Colin Powell’s endorsement of Barack Obama for re-election is welcome as a sign of the thinking of one piece of the conservative establishment, and also as a fairly clear sign that Powell thinks Obama is going to win. And Powell, in addition to saying nice things about Obama, hit Romney on two sore spots: his ignorance of foreign affairs and the variability of his positions. I.e., he managed, in his preternaturally calm voice. to raise both the Commander-in-Chief test and the character issue. Still, unless Powell goes out on the stump or works the phones, I wouldn’t have expected it to matter much.

That clearly isn’t the view from the other side of the line of scrimmage. The Red Team is frankly decompensating. Sununu’s casual race-card play (and semi-retraction) is nothing new, coming from Sununu, but it’s a little bit surprising Romney couldn’t, or didn’t want to, rein him in. He knows, or should know by now, that in a Presidential campaign no Sununus is good Sununus.

And of course John McCain being vicious is about as newsworthy as the Pope saying Mass. I’m sure he’ll never forgive Powell for what he regards as a betrayal in 2008, and his hatred for Obama seems to be boundless.

Between them Sununu and McCain managed to ensure that even relatively low-information voters learned about Powell’s endorsement, which could otherise have slipped comfortably under the radar. And the President was happy to keep the story alive another day.

But the weirdest aspect of the story is the issue McCain chose to attack Powell on: the invasion of Iraq. Powell properly gave Obama credit for getting us out of Iraq. McCain – yes, the McCain who in 2008 wanted to keep our troops in Iraq forever – decided to spice up his second day of atttacks on Powell’s character by saying:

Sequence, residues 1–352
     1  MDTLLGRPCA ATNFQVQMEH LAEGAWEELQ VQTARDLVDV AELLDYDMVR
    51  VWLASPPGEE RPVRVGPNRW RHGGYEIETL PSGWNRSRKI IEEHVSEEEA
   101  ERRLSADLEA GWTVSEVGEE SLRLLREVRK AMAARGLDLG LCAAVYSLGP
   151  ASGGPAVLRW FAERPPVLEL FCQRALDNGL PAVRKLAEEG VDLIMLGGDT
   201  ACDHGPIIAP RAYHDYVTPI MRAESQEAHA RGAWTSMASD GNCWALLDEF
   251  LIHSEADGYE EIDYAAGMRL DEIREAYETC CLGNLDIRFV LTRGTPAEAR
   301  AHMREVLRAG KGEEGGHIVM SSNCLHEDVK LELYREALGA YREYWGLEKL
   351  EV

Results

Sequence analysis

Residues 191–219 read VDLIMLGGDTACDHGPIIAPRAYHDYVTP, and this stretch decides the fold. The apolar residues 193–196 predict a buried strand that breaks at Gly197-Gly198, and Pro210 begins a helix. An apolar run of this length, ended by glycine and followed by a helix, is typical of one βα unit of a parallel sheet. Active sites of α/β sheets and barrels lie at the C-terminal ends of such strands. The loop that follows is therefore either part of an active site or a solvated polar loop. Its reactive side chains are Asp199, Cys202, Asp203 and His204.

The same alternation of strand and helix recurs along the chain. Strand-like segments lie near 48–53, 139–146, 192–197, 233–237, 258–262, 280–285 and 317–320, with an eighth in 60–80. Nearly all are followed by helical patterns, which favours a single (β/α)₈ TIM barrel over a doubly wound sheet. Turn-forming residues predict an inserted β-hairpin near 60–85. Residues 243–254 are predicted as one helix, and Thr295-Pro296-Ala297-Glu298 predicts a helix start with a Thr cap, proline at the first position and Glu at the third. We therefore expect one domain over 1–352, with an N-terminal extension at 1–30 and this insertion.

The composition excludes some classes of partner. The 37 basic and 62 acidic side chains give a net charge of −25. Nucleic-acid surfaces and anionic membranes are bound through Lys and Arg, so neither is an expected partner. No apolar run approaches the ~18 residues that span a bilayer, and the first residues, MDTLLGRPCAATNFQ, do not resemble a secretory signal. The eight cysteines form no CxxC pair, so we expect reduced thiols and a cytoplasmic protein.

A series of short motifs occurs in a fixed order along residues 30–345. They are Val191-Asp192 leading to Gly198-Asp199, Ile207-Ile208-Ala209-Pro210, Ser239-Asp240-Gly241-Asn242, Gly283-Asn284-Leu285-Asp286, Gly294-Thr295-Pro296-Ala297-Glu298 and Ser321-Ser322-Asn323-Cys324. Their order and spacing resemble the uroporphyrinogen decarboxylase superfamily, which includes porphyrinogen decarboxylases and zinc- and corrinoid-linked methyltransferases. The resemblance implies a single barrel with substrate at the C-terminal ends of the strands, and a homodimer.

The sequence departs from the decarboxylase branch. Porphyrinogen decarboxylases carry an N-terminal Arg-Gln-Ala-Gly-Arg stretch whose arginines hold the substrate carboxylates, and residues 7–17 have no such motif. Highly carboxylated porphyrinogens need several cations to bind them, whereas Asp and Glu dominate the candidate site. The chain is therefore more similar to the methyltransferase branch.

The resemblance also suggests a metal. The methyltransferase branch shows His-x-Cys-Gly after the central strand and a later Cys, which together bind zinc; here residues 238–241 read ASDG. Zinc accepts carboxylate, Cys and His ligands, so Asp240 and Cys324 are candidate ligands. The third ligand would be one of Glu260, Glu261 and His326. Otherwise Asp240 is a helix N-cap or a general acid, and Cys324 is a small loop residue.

Colin Powell, interestingly enough, said that Obama got us out of Iraq. But it was Colin Powell, with his testimony before the U.N. Security Council, that got us into Iraq.

Now, how many different ways is that weird? Continue reading “You mean, we *weren’t* greeted as liberators?”

McCain on McCain

“Petty, partisan, and disingenuous.” That’s what McCain said about Senators who vote against well-qualified Supreme Court nominees: just before voting against two of them.

“Petty, partisan, and disingenuous.” I don’t always agree with His Maverickness, but give the man credit where it’s due; when he’s right, he’s right.

Footnote Somehow wingnut discussions of Kagan’s lack of judicial experience never seem to mention that she was nominated for the DC Circuit by Bill Clinton in 1999 – a job for which she was well qualified – and the Republican majority in the Senate didn’t even give her the courtesy of a hearing.

Would a Senator Crist Caucus With the Democrats?

Why would a Senator Crist caucus with the people who put a knife in his back?

Now that it looks like Florida Governor Charlie Crist might run for the US Senate seat as an independent, and that he has a decent chance of winning, we might think for a moment about what kind of Senator he could be.

If Crist gets in the race as an Indy, expect the punditocracy to compare him to Joe Lieberman, and predict that if elected he would caucus with the Republicans.  But there is one huge difference in the two cases.

When Lieberman was challenged from the left, every Democratic officeholder backed him in the primary.  Barack Obama came to Connecticut to campaign for him.  Chris Dodd endorsed him (this was before the financial meltdown and such an endorsement might have been worth something). Only after Holy Joe lost the primary did Democrats turn to Ned Lamont, the party’s official winner.

Contrast this with Florida: there, Republicans are fleeing to wingnut Marco Rubio’s campaign well before the primary.  That tells you — and it should tell Crist — a hell of a lot about his Republican friends.  And it should also give him pause about caucusing with the GOP if he wins the race.

There is one other important difference that militates against my argument: Lieberman was an incumbent Senator, and Crist of course is not.  But I don’t see that as particularly relevant here.  Crist was recruited by national Republicans.  He saved John McCain’s presidential campaign in the Florida primary — and was rewarded this week by attacks from Arizona’s senior senator.  All his supposed friends went south on him as soon as it got tough; they didn’t even bother with neutrality.  Once Crist takes the knife out of his back, he might consider whom he would be able to trust in the Senate — if he gets there.